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Dying Man Granted Ireland’s First Divorce An Estimated 60,000 People May Be Waiting Their Turn

Sat., Jan. 18, 1997, midnight

A court did what once was unthinkable and granted the first divorce in Ireland’s history Friday, quietly embarking on a new era forged by a bitter and closely fought debate in this Roman Catholic country.

Justice Henry Barron announced that he had granted a divorce to an unidentified man who was said to be gravely ill and unwilling to wait until divorce legislation became effective on Feb. 27.

After a private hearing, Barron concluded that the constitutional amendment approved by voters in November 1995 provided authority for dissolving the marriage.

The divorce issue had been settled last summer when the Supreme Court unanimously ruled against a lawsuit filed by anti-divorce activists.

News of the first divorce was taken in stride - the story was fourth in the lineup on the 6 p.m. radio news on RTE, the state broadcasting service.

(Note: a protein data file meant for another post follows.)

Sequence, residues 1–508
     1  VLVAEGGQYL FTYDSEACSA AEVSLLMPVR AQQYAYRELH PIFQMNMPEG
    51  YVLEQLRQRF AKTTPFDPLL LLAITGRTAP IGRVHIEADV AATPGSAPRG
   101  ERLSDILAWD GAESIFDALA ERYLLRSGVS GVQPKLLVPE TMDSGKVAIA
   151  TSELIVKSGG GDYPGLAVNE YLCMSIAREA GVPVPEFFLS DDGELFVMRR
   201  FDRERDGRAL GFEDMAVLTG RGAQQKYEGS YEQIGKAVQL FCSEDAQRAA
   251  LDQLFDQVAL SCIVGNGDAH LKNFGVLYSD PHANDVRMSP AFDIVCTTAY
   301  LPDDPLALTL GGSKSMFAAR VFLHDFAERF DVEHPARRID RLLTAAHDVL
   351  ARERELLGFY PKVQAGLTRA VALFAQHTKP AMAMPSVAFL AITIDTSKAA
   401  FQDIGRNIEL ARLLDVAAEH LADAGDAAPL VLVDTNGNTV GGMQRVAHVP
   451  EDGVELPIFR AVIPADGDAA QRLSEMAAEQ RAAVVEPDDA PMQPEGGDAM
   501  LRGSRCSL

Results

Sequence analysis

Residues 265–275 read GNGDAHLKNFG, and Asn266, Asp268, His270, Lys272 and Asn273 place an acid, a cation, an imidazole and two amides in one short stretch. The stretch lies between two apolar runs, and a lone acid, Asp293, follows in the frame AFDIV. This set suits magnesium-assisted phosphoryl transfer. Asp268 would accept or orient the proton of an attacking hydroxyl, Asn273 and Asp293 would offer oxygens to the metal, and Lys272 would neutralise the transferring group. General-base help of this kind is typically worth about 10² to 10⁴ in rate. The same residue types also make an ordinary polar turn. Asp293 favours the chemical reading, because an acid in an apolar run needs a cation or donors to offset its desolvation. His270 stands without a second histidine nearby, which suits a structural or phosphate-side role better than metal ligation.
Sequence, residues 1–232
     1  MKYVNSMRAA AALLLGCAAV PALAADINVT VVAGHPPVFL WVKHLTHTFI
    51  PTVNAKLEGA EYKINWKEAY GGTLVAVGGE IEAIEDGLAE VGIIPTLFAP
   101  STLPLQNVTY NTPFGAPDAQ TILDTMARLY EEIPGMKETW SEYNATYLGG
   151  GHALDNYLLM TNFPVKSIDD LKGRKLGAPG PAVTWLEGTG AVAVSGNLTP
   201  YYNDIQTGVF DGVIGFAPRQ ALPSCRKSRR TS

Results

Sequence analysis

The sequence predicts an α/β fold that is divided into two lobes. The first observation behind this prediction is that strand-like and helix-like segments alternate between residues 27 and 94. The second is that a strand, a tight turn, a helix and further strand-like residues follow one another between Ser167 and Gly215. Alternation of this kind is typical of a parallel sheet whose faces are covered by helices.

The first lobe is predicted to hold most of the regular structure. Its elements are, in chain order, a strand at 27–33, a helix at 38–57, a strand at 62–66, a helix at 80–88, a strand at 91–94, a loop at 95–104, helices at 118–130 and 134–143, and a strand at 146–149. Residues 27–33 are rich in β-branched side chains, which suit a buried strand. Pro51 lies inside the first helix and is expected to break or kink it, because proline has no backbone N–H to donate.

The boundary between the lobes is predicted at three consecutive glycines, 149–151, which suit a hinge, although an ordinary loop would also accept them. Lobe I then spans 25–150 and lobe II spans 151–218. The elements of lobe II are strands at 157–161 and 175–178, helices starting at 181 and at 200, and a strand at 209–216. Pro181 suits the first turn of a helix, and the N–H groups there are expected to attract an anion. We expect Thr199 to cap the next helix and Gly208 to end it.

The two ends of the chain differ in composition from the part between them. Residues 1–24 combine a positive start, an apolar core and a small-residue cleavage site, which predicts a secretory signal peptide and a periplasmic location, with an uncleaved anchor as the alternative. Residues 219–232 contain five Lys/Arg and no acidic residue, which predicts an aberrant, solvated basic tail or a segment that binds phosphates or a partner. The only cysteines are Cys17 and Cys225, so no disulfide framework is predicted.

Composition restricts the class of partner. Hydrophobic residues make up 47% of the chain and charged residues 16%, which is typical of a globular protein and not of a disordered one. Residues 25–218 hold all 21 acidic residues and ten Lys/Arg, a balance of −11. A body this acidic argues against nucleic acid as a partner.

“Nobody’s getting excited about this at all, because it is a special case,” said Louise Smith, 49, a north Dublin woman who has been separated from her husband for a decade.

“I’m not terminally ill, so I imagine I’ll have to wait ages,” she said.

Gerry Hickey, spokesman for the Department of Equality and Law Reform, said Friday’s ruling meant that any Irish citizen wanting a divorce could now apply under the constitution.

Hickey said he had no indication how many divorce cases were waiting to be heard. During the referendum campaign, Hickey said the government had estimated that 60,000 or more men and women in this nation of 3.5 million people were involved in marriages that had broken down.

The wife in the historic case did not want a divorce, but she did not contest her husband’s application. The couple had two daughters and a son, all grown, and the man has a daughter by a continuing relationship with another woman.

“He is reported to be seriously ill, and wishes to regularize that relationship,” Mary Wilson of RTE said.

The court’s action represented a beginning to one of the most controversial changes in Ireland since the state gained independence in 1921.

Divorce had been difficult but possible during the period of British rule - but not since independence, owing to the opposition of the Roman Catholic church, the faith in which 92 percent of the country’s people were baptized.

xxxx The new rules The amendment allows divorce if the couple have been separated for four of the previous five years, and if there is “no reasonable prospect of a reconciliation.” It is not necessary to find either party at fault.


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